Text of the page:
Looking back on my career so far
I'm starting a new job next week. This seems like a good opportunity to look back on my career as software engineer. What did I expect from the different jobs and positions and what happened?
I worked as a doctoral researcher in the Department of Biomedical Engineering and Computational Science at Aalto University 2011-2015.
What I expected
I expected to fulfill my dream of getting a doctoral degree. I wanted to also get skills in computational science that would make it easy for me to transition to a career in IT in the industry.
I got my doctorate and had a great time doing so. My supervisor Jani taught me much of what I know about research and scientific writing. I made a good friend in the research team.
I spent six months as a visiting researcher in Ecole Centrale Paris. Living in Paris was an experience I will not forget and and I got to know amazing people. During my visit, I was very lucky to work on a topic that would lead to the computational method that defined my whole thesis. The papers created together with the Paris team are my highest cited articles to date and I'm very proud of all of them for the rest of my life.
During my doctoral studies, I was very opportunistic to pick courses that would promote my transition to private sector after my doctorate. I took courses in C programming, machine learning, Bayesian inference, and data structures and algorithms. These courses were useless for my thesis, but they were essential in preparing for the move to private sector for a career in IT.
I got to know two great researchers in the Department of Biomedical Engineering and Computational Science. This connection eventually lead me to successfully apply for a position in IndoorAtlas, the company to which I moved after my doctorate.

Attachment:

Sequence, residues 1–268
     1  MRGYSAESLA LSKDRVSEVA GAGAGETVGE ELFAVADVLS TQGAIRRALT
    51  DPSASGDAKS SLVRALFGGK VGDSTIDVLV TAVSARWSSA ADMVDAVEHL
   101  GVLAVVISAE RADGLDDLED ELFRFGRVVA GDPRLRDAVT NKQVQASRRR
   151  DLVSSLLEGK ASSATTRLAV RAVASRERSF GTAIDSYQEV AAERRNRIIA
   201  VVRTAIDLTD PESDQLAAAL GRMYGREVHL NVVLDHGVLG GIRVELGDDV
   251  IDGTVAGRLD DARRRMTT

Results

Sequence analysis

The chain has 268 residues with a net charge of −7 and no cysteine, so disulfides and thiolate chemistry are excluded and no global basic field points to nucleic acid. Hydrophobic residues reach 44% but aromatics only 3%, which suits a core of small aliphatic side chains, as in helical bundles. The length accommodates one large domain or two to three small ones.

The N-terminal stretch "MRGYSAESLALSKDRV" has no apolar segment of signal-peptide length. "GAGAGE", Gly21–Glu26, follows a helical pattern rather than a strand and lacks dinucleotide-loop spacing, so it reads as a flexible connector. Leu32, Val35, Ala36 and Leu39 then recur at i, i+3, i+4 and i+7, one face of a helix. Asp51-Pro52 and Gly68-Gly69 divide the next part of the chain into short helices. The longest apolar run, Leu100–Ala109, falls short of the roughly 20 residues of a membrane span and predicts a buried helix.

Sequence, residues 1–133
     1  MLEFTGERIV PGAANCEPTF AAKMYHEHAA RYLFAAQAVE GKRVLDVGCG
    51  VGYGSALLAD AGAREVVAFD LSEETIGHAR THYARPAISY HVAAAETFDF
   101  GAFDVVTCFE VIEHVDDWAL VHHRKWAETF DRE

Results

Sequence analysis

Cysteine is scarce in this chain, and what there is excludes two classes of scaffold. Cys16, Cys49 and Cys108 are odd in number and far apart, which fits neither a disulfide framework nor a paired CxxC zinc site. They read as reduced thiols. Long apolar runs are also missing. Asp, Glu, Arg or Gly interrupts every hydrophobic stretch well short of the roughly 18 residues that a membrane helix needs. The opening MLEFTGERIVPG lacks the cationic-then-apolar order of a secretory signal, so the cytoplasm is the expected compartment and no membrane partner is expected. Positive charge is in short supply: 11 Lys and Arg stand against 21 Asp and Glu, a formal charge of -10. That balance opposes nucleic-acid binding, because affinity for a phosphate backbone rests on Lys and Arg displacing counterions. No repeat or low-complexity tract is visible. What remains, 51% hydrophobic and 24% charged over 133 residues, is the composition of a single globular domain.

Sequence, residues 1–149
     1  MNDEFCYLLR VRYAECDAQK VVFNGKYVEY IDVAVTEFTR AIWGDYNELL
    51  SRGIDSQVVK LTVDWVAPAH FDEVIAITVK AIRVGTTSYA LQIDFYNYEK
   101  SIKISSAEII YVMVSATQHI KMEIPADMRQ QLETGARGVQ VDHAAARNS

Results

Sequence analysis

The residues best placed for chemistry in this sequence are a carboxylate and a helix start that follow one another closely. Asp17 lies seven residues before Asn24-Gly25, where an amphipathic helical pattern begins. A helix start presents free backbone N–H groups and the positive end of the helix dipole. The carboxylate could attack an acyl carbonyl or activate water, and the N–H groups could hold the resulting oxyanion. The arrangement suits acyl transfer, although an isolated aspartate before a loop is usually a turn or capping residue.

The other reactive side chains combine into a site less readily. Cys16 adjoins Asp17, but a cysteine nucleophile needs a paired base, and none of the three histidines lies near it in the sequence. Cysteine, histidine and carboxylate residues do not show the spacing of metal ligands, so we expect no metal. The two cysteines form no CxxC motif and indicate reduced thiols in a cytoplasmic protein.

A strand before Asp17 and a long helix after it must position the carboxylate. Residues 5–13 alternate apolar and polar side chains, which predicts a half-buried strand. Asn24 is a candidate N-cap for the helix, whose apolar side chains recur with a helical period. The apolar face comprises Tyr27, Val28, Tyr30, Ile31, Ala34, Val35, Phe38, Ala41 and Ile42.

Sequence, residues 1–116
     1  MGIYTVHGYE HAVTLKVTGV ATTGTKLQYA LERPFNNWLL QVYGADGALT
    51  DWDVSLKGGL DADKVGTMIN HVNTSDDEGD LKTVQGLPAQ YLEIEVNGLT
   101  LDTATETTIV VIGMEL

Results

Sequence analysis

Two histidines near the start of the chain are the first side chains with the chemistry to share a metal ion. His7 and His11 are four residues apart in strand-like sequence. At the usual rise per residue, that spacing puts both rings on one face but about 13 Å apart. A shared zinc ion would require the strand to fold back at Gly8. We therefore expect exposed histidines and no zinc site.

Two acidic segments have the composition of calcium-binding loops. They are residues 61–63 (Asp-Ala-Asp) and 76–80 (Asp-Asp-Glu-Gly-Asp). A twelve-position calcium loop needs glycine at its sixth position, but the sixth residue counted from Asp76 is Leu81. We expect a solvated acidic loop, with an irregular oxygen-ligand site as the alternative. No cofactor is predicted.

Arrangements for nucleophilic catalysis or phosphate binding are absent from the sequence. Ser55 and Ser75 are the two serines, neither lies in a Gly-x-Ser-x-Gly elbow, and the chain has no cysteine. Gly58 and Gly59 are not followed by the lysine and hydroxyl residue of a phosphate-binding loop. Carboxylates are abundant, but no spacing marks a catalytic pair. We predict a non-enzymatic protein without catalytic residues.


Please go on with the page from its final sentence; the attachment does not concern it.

I worked as Algorithm and Software Developer at IndoorAtlas in 2016-2018.
What I expected
I expected to be able to apply the skills I acquired in school to solve real-life problems. I expected to get better in mathematical problem solving. I expected to learn how working in private sector is different from working in the university.
I was very lucky to work in a great team lead by Arno Solin, currently a professor at Aalto University. I made great friendships that have lasted to this day. I had perhaps more fun at IndoorAtlas than anywhere else in my career.
I was tremendously lucky to have colleagues fantastically good at software engineering. I got first hand experience of what are good code, clean design, peer reviews, DevOps, CI/CD, test automation, monitoring, microservices... I owe a lot of my expertise today to those years at IndoorAtlas.
I spent most of my working time writing software. I was really bad at it and got brutal feedback from seasoned software engineers on my pull requests. Slowly I got better and started enjoying writing code and PRs. I understood that I enjoy writing software more than doing research. Writing good code is both challenging and deeply satisfying. My career shifted from research to engineering.
I got a chance to lead the Data team. I never imagined I could end up in a "managerial" position at IndoorAtlas. I learned a lot about the challenges of working together as a team and what kind of issues can hinder the team's wellbeing. I probably sucked as a team lead, but I did my best.
I worked as Machine Learning Engineer at Meeshkan in 2018-2020.
What I expected
I wanted to get experience of building software products from scratch. I wanted to learn how to set up cloud infrastructure, software delivery pipelines, test automation, etc. I wanted to have a fancy job title that would be good for my career.